Career politicians more likely to become president, experts say

WASHINGTON — Although presidential candidates in the private sector currently lead the polls, political science experts predict it is highly improbable someone without experience in an elected office will make it all the way to the White House.

Republican candidate and real estate magnate Donald Trump leads Iowa with 22 percent of the surveyed vote, with retired neurosurgeon Ben Carson trailing with 14 percent, according to a poll released Wednesday by CNN conducted by market research agency ORC International.

“In one way it feels like people might look in a different direction as the general mood is distrusting government,” said Justin Holmes, a political science professor at the University of Northern Iowa. “Yet when these folks without experience run, they invariably lose.”

These individuals do not usually create the same connections within the party, which can be crucial when wrangling support in the primaries, Holmes said.

Unseasoned candidates may also struggle to translate their business successes to economic successes for the country when the end goal is so different, said Kelly Dittmar, a political science professor at Rutgers University.

Carly Fiorina, the former CEO of Hewlett-Packard Co. and GOP candidate, ultimately lost her 2010 Senate run against Sen. Barbara Boxer, D-Calif., because the political narrative focused on Fiorina shipping jobs abroad at HP, Dittmar said. Her bottom line depended on HP profits, but sending jobs overseas did not translate to economic success for the United States, Dittmar said.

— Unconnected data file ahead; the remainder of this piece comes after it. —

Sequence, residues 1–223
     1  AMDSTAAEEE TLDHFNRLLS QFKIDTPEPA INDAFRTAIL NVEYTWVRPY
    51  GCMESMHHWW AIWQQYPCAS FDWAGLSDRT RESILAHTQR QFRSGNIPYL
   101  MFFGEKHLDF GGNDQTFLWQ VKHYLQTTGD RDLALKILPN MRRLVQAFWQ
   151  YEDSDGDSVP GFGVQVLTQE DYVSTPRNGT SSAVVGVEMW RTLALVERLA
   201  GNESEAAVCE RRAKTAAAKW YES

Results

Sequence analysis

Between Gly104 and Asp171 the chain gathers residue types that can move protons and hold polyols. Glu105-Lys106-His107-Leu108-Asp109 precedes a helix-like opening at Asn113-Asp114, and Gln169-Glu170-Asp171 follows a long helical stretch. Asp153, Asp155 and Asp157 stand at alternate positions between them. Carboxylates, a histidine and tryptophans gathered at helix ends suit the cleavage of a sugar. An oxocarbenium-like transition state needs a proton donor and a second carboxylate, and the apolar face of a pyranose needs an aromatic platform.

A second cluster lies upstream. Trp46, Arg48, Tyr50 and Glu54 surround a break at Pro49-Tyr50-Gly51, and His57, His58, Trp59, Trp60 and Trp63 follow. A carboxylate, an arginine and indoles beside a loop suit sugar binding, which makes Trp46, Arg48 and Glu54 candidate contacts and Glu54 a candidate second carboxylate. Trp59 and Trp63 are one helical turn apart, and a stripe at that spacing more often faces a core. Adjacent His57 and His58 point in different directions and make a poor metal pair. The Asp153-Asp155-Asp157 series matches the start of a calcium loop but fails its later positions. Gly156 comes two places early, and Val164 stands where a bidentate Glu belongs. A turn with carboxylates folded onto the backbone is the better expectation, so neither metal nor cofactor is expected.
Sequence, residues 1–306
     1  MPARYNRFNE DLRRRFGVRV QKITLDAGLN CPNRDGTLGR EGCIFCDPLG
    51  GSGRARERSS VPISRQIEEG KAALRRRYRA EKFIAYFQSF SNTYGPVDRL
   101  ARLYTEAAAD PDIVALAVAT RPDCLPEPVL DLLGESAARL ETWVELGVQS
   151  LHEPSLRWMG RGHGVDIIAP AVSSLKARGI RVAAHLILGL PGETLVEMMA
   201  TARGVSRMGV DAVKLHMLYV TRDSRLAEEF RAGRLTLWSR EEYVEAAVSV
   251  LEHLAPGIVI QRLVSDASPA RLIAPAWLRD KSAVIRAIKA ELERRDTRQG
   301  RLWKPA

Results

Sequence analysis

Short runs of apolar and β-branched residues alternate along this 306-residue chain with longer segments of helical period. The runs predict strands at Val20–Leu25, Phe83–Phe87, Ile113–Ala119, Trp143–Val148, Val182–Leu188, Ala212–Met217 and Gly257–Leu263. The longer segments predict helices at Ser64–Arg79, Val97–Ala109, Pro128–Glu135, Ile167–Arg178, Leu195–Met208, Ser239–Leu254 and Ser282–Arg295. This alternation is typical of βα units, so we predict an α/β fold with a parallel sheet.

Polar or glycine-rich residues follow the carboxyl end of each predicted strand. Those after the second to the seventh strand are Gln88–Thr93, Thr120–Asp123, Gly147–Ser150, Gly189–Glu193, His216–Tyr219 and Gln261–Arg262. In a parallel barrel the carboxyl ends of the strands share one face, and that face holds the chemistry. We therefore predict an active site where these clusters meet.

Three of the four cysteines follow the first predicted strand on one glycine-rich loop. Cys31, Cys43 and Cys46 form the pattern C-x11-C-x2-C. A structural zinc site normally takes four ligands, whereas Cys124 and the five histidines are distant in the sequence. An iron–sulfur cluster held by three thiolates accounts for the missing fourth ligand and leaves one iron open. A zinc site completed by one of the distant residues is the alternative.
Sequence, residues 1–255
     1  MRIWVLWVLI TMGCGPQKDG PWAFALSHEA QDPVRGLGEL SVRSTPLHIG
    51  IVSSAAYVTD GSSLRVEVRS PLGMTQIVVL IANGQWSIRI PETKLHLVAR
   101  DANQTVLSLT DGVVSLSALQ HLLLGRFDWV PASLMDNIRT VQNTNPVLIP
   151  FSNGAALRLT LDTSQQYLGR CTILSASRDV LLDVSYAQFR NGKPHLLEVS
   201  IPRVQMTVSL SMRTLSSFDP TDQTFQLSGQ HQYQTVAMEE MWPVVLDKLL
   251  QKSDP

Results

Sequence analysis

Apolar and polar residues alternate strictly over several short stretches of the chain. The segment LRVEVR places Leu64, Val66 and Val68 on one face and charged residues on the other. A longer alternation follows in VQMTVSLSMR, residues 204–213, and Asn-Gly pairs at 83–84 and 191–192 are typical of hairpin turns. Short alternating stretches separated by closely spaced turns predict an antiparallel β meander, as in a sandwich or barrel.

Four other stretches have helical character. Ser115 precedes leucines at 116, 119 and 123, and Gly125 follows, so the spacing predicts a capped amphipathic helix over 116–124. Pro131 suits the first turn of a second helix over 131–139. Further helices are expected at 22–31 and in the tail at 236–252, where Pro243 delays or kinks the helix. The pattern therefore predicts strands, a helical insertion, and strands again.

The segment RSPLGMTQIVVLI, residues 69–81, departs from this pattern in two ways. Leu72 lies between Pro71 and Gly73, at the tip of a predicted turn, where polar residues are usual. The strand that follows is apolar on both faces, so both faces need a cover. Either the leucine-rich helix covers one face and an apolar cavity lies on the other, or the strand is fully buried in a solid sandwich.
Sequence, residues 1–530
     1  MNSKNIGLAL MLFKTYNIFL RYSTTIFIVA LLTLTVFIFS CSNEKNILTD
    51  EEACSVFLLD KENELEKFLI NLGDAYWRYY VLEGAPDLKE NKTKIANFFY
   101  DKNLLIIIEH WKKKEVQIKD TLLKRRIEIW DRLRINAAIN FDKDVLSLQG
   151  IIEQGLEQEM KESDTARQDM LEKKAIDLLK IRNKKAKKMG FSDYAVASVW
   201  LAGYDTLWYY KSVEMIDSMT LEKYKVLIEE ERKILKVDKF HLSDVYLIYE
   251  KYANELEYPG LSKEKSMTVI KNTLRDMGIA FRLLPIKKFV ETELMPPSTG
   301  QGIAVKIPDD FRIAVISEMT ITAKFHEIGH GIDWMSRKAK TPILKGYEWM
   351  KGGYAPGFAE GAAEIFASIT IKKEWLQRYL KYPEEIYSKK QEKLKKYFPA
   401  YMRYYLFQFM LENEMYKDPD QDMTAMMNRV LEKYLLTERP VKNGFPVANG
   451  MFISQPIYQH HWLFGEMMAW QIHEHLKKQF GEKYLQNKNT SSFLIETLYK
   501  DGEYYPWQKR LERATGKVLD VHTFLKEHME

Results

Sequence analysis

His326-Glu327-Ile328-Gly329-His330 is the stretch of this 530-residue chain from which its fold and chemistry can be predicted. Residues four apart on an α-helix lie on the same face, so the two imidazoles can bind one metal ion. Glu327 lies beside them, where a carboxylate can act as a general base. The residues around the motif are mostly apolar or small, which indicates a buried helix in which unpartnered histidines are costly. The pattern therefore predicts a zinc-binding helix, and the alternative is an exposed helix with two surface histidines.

Only a handful of past presidents didn’t hold an elected office, but they still served in the military, such as Presidents Dwight D. Eisenhower, Ulysses S. Grant and Zachary Taylor, Holmes said.

Visitors at the National Mall doubted private sector candidates possessed enough foreign policy experience. Hospital employee Amy Lovano, 51, motioned to the World War II Memorial with her cigarette-laden hand as she adjusted her “We can’t all be heroes” T-shirt with the other.

“Foreign affairs is a big issue to me,” Lovano said. “I think there is a lot of politics and if you don’t know it, you’ll probably get lost and do some pretty stupid stuff.”

Private-sector candidates do have the advantage of labeling themselves outsiders in Washington who want to push past the gridlock, says David Rehr, a program director at George Washington University’s Graduate School of Political Management.

Dan Vise, 48, thinks career politicians are too entrenched in government and lead to stagnation.

“I really prescribe to the old way that the country was run when we first were founded,” said the investment advisor from Tulsa, Oklahoma. “It was the farmers, the attorneys, the businessmen, who came in and served for a couple of years and then actually wanted to leave,” Vise said chuckling, throwing up his hands.

Sally Cleek, 80, a retired United Airlines employee from Cary, Illinois, thinks Donald Trump is the only candidate who won’t be swayed by special interest groups and will have the guts to make change.

Many agree. The CNN/ORC International poll shows 44 percent of respondents think Trump is the “most likely to to change the way things work in Washington,” with Ben Carson following with nine percent.

While Holmes wrote off Fiorina and Carson, Trump may be a special case, he says.

“Trump, I don’t know what to make of him to be blunt. I’ve never seen anything like this,” Holmes said. “In politics, while it’s highly improbable he’s elected, nothing is impossible.”